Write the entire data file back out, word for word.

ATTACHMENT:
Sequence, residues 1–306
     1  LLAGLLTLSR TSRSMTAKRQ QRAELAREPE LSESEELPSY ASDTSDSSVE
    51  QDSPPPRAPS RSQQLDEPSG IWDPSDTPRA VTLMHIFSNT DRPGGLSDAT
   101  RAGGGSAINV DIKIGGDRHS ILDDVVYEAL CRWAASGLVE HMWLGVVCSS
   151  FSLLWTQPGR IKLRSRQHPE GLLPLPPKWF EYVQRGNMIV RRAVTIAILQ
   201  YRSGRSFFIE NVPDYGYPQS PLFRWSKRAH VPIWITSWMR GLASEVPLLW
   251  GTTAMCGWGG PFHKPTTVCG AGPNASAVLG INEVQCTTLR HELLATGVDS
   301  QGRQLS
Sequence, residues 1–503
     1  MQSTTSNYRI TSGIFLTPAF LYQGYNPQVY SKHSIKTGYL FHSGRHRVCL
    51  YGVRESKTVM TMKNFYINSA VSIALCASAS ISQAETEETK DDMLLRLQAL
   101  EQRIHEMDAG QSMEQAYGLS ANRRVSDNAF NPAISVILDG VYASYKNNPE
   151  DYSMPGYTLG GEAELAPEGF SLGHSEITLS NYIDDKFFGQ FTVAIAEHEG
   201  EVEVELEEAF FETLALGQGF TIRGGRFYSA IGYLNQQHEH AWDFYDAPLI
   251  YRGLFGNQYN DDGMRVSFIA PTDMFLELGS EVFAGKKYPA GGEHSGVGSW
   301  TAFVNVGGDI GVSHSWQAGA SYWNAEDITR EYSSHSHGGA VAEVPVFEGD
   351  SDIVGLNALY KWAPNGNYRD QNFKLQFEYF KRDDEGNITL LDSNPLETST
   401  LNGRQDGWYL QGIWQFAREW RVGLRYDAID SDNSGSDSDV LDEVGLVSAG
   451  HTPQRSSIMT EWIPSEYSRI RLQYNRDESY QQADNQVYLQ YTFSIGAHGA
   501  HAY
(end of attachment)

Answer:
Sequence, residues 1–306
     1  LLAGLLTLSR TSRSMTAKRQ QRAELAREPE LSESEELPSY ASDTSDSSVE
    51  QDSPPPRAPS RSQQLDEPSG IWDPSDTPRA VTLMHIFSNT DRPGGLSDAT
   101  RAGGGSAINV DIKIGGDRHS ILDDVVYEAL CRWAASGLVE HMWLGVVCSS
   151  FSLLWTQPGR IKLRSRQHPE GLLPLPPKWF EYVQRGNMIV RRAVTIAILQ
   201  YRSGRSFFIE NVPDYGYPQS PLFRWSKRAH VPIWITSWMR GLASEVPLLW
   251  GTTAMCGWGG PFHKPTTVCG AGPNASAVLG INEVQCTTLR HELLATGVDS
   301  QGRQLS
Sequence, residues 1–503
     1  MQSTTSNYRI TSGIFLTPAF LYQGYNPQVY SKHSIKTGYL FHSGRHRVCL
    51  YGVRESKTVM TMKNFYINSA VSIALCASAS ISQAETEETK DDMLLRLQAL
   101  EQRIHEMDAG QSMEQAYGLS ANRRVSDNAF NPAISVILDG VYASYKNNPE
   151  DYSMPGYTLG GEAELAPEGF SLGHSEITLS NYIDDKFFGQ FTVAIAEHEG
   201  EVEVELEEAF FETLALGQGF TIRGGRFYSA IGYLNQQHEH AWDFYDAPLI
   251  YRGLFGNQYN DDGMRVSFIA PTDMFLELGS EVFAGKKYPA GGEHSGVGSW
   301  TAFVNVGGDI GVSHSWQAGA SYWNAEDITR EYSSHSHGGA VAEVPVFEGD
   351  SDIVGLNALY KWAPNGNYRD QNFKLQFEYF KRDDEGNITL LDSNPLETST
   401  LNGRQDGWYL QGIWQFAREW RVGLRYDAID SDNSGSDSDV LDEVGLVSAG
   451  HTPQRSSIMT EWIPSEYSRI RLQYNRDESY QQADNQVYLQ YTFSIGAHGA
   501  HAY